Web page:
Trade Statistic
    Table 1: Trade Overview

    Performance Analysis:

    Table 2 summarizes the results for both Long/Cash and Long/Short. It also displays the relevant values for the naive buy-and-hold strategy for easy comparison.

    The results of back-testing the Long/Cash- and Long/Short strategy illustrate that on a day-by-day basis, those strategies slightly outperformed a naive buy-and-hold-portfolio but we have taken zero transaction costs into account.

    The Long/Cash portfolio has the lowest volatility, mainly due to the cash investment. Nevertheless this portfolio has the second highest annualized return and due to its low volatility it has therefore the best Sharpe ratio among all three portfolios.

    The main reason, why the Long/Short portfolio has outperformed the naive buy & hold- as well as the Long/Cash portfolio in terms of annualized returns, is the fact that this strategy has performed very well during the past long lasting bear markets (Table 5).

    Performance/Risk Ratios
    Table 2: Performance Analysis

    Calendar Returns Analysis:

    In total, only in 34.9 percent of all observations regarding the yearly results, the Long/Cash as well as the Long/Short version outperformed a Buy & Hold strategy.

    If we have a closer look on the dispersion of the yearly results (Table 6), we can see that the Long/Short Strategy gained a whopping 69.80 percent on a yearly basis, in 2008, compared to only 45% for a classical Buy & Hold Strategy in the year 1954.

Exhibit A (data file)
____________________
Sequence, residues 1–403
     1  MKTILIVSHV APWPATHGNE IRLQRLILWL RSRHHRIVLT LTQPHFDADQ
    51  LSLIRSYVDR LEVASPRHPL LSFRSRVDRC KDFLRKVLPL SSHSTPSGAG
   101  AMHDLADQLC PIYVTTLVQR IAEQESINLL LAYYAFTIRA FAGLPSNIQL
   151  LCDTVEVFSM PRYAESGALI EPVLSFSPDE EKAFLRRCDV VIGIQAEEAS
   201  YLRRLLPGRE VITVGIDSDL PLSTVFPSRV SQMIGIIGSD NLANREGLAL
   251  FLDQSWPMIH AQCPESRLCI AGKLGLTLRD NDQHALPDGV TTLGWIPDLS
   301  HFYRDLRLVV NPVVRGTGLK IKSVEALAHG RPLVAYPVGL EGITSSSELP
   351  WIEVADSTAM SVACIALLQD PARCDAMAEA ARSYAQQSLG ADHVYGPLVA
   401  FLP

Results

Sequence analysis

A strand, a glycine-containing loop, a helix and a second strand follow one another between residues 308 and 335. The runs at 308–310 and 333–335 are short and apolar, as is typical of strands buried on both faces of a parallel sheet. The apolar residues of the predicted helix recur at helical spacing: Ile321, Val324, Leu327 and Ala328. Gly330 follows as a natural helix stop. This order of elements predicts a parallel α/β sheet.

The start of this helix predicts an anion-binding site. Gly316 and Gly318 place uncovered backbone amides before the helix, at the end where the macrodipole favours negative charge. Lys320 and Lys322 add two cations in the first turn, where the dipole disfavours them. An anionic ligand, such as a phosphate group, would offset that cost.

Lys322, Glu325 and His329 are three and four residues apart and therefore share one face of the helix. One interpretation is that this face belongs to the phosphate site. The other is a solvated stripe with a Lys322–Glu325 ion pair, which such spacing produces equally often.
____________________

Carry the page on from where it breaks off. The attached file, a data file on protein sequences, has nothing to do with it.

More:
In terms of maximum yearly loss, both the Long/Cash as well as the Long/Short Strategy are clearly outperforming a typical Buy & Hold portfolio by at least 15%.

    Calendar Returns of the S&P 500 since November 1950 in detail:

    (click to enlarge)Calendar Returns S&P 500

    Table 3: Calendar Returns of the S&P 500

    Calendar Returns of the Long/Cash Strategy since November 1950 in detail:

    Calendar Returns Long/Cash
    Table 4: Calendar Returns of the Long/Cash strategy

    Calendar Returns of the Long/Short Strategy since November 1950 in detail:

    Calendar Returns Long/Short Strategy

    Table 5: Calendar Returns of the Long/Short strategy

    Dispersion of Yearly Results since November 1950 in detail:

    Dispersion of Yearly Results
    Table 6: Dispersion of Calendar Year Results

    Drawdown Analysis

    If we have a closer look at the historical five largest drawdowns, we can see that the main benefit of the Long/Cash- as well as the Long/Short strategy is their downside protection.

    Table 8 and Table 9 show how those two strategies would have significantly reduced the maximum drawdowns compared to a simple buy & hold portfolio (Table 7).

    The maximum draw down of the Long/Cash portfolio was only -33.2 percent compared to the naive portfolio which has lost -56.8 percent during the financial crisis. Even the more risky Long/Short strategy has a lower maximum drawdown than the buy & hold portfolio. Nevertheless, the recovery period is the longest when investors follow the Long/Short strategy. The Long/Cash strategy has on average the shortest recovery period, if we have a look at the five largest drawdowns.

    Largest Drawdown of the S&P 500 since November 1950 in detail:

    (click to enlarge)Largest Drawdowns S&P 500

    Table 7: Largest Drawdowns S&P 500

    Largest Drawdown of the Long/Cash strategy since November 1950 in detail:

    (click to enlarge)Largest Drawdowns Long/Cash

    Table 8: Largest Drawdowns Long/Cash strategy

    Largest Drawdown of the Long/Cash strategy since November 1950 in detail:

    (click to enlarge)Largest Drawdowns Long/Short

    Table 9: Largest Drawdowns Long/Short strategy